by Brenée Goforth
Communications Associate, John Locke Foundation
JLF Senior Fellow Joe Coletti recently put out a brief on the current budget impasse. Coletti emphasizes that, unlike past budget discrepancies, the budget impasse is not an immediate crisis. While it is important to pass a new budget, North Carolina is not going to be devastated if it does not come promptly. Coletti explains:
One reason for the difference is that there is no threat of a government shutdown. This is the first test of a 2016 amendment to the State Budget Act. Because there was no new budget in law at the start of the fiscal year on July 1st, last year’s budget continues without the one-time adjustments that were in effect.
Coletti writes that, while certain programs will go unfunded, “96.5 percent of what the conference bill would have been spent on state operations is available.” The current budget does not include funding for enrollment changes in public schools, community colleges, universities, or the Medicaid transition to managed care. According to Coletti:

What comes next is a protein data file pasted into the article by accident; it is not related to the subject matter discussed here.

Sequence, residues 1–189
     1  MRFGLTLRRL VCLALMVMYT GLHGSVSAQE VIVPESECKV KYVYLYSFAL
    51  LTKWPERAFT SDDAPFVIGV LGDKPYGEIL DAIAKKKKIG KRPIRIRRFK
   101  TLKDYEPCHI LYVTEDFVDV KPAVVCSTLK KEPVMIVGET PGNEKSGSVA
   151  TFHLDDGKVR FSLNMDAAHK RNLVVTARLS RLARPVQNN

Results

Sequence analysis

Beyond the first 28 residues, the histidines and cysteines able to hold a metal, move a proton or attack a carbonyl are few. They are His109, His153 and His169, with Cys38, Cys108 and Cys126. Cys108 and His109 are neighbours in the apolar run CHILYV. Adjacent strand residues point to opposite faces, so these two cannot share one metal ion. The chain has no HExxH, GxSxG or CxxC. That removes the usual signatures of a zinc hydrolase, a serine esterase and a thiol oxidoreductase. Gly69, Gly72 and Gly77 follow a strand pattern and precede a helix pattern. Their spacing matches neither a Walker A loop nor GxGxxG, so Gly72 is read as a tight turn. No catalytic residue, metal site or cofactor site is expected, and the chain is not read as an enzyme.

Medicaid’s transition to managed care presents the biggest challenge. Senate leadership has considered delaying the rollout of the new system without new funding. Setting aside the $2 billion combined cost of Medicaid expansion Gov. Cooper still seeks, the budget rebase adjustment for higher enrollment and health care utilization adds $30 million in state appropriations. For comparison, the current Medicaid program costs state government $3.9 billion, so the increase is three-fourths of one percent (0.77 percent) of total state appropriations. This could also be handled through formal budget revisions or an accelerated allotment of funds for Medicaid until a budget is passed.
All of these things can be done once a budget passes. Until then, there is no crisis in covering the continuing costs of schools, community colleges, universities, or even Medicaid. In contrast, Gov. Cooper’s demands for billions of dollars in new federal borrowing to expand Medicaid and $3.5 billion in new state borrowing to expand other state programs make a future crisis more likely.